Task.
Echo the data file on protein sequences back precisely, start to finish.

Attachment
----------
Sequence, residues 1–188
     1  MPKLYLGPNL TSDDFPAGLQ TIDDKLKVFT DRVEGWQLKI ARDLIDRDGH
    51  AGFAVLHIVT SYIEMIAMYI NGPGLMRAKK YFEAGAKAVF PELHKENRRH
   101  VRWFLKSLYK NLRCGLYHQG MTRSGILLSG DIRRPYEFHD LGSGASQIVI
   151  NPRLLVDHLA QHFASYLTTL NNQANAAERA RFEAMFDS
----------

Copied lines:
Sequence, residues 1–188
     1  MPKLYLGPNL TSDDFPAGLQ TIDDKLKVFT DRVEGWQLKI ARDLIDRDGH
    51  AGFAVLHIVT SYIEMIAMYI NGPGLMRAKK YFEAGAKAVF PELHKENRRH
   101  VRWFLKSLYK NLRCGLYHQG MTRSGILLSG DIRRPYEFHD LGSGASQIVI
   151  NPRLLVDHLA QHFASYLTTL NNQANAAERA RFEAMFDS